Our Artist Community Sounds Off on Immigration

January 09, 2019

Our Artist Community Sounds Off on Immigration

Immigration. Never before in modern history has that word been as charged or controversial as it is in our current political environment, in the United States and across the globe. With all the noise, news and nonsense these days it's easy to lose sight of the millions of meaningful, hopeful success stories that immigrants all over the world have shared, including our amazing community of talented folks!

America has been a nation of immigrants for hundreds of years. Artist Chris Lozos, whose family arrived from Greece in the early 20th century, notes "America was built by immigrants and their descendants. Those who came here had the spirit to overcome great obstacles and the ambition to fulfill their dreams in a new world. Without this steady stream of pioneers during all eras, we would not be the proud nation we are today." Artwork above by Chris Lozos, Anat Ronen and Mikkel Henssel.

From Elizabeth Kennen, whose grandfather arrived at Ellis Island from Spain, "How amazing and emotional it must have been to finally reach New York and see the Statue of Liberty welcoming you." Our We Were Strangers Too campaign supports the Anti-Defamation League, the nation's premier civil rights/human relations agency, fighting anti-Semitism and all forms of bigotry, protecting civil rights for all. Artwork above by Lina Ngo, Elizabeth Kennen and Yadesa Boja, who immigrated to the U.S. from Ethiopia. 

 

It's time we addressed the elephant in this blog post: the wall that you-know-who wants to build along the US southern border. We like to stay mostly positive here at CAN though, so here's what Heldáy de la Cruz, a DACA recipient and artist, has to say: "I aim to use my work to contribute to the struggle. To give the power back to the undocumented community and voice our resilience." Hear, hear! Heldáy lives in Portland, where he co-leads an activist group called We the Dreamers, organizing creative spaces for undocumented people to share their stories. Artwork above by Jazmin Chacon, Yocelyn Riojas and Heldáy de la Cruz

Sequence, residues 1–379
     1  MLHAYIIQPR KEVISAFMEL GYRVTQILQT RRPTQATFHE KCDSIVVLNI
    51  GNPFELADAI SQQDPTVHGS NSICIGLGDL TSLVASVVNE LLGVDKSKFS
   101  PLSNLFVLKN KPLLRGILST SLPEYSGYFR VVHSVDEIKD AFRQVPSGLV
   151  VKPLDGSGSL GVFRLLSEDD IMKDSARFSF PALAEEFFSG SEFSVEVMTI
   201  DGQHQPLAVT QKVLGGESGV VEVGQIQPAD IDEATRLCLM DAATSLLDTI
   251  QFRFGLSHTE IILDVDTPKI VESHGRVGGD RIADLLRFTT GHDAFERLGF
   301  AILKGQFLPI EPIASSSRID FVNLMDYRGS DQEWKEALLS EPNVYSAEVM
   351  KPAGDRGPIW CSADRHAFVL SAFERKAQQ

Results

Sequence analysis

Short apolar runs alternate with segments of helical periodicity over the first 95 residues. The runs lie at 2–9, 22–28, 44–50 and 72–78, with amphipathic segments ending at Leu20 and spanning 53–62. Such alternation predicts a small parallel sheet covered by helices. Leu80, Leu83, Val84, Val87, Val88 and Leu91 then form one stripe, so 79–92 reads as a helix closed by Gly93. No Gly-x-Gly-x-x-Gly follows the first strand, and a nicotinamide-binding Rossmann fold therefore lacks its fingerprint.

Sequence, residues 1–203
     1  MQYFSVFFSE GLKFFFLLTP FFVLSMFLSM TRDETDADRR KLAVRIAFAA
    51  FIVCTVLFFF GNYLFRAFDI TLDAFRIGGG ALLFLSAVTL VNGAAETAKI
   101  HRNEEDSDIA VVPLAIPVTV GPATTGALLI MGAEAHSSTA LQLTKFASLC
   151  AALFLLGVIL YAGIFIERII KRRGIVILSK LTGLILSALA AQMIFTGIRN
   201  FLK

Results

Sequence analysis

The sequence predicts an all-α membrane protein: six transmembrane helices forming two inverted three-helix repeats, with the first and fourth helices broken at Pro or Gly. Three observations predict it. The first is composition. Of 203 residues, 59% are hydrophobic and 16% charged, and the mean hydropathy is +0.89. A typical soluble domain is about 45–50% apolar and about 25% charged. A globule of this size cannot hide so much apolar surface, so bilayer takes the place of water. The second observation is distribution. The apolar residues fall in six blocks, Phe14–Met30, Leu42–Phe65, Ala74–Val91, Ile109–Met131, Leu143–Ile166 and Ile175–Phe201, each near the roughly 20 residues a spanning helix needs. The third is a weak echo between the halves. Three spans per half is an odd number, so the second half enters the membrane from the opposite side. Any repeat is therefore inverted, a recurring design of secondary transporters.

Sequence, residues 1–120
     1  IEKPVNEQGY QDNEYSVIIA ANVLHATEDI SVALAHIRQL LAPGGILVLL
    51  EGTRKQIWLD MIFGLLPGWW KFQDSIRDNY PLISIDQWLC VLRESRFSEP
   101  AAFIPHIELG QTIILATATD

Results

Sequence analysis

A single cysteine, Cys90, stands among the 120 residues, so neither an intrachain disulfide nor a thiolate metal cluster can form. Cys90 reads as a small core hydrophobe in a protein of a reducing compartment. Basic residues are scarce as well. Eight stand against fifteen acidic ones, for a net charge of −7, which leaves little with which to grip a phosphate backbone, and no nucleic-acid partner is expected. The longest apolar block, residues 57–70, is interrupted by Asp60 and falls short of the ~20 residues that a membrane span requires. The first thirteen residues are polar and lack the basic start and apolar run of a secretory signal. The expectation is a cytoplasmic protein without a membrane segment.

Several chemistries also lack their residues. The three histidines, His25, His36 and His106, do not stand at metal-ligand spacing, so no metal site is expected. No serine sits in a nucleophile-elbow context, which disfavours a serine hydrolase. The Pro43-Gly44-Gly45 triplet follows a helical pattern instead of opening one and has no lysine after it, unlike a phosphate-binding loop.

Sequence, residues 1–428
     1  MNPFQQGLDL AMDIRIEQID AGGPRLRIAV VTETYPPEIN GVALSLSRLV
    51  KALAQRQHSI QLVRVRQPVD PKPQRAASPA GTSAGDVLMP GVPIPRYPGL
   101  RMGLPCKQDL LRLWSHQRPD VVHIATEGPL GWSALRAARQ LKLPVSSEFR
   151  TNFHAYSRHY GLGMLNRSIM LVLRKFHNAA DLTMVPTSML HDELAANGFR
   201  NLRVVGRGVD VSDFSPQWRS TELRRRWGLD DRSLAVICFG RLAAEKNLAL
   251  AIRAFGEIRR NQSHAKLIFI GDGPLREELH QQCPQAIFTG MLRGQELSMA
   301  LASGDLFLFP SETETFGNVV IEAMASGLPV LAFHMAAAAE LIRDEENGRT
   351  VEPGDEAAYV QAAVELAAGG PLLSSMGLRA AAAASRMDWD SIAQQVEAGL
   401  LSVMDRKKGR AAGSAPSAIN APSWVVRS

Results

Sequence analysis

In the artist statement for her Unity in Diversity piece, Aditi Raychoudhury puts it more poignantly than we ever could: "I am an immigrant. When I came to the United States as a graduate student, I was terribly homesick. What got me through those initial years were the people of this country who offered warmth and friendship to so many of us who had left our homes behind." Be sure to check out the rest of her statement -- it's an uplifting and inspiring read about humanity at its best. Artwork above by Chris Lozos, Aditi Raychoudhury & Lorraine Nam.

Thanks for reading, and be sure to stay tuned for more artist sound bytes in the new year! Remember to check out our new What REALLY Makes America Great book, an anthology from over 75 artists who celebrate what they think really makes America Great. Proudly supporting The Dream Works, and don't forget our What REALLY Makes America Great 2019 wall calendar!

~All of us at Team CAN

 

 





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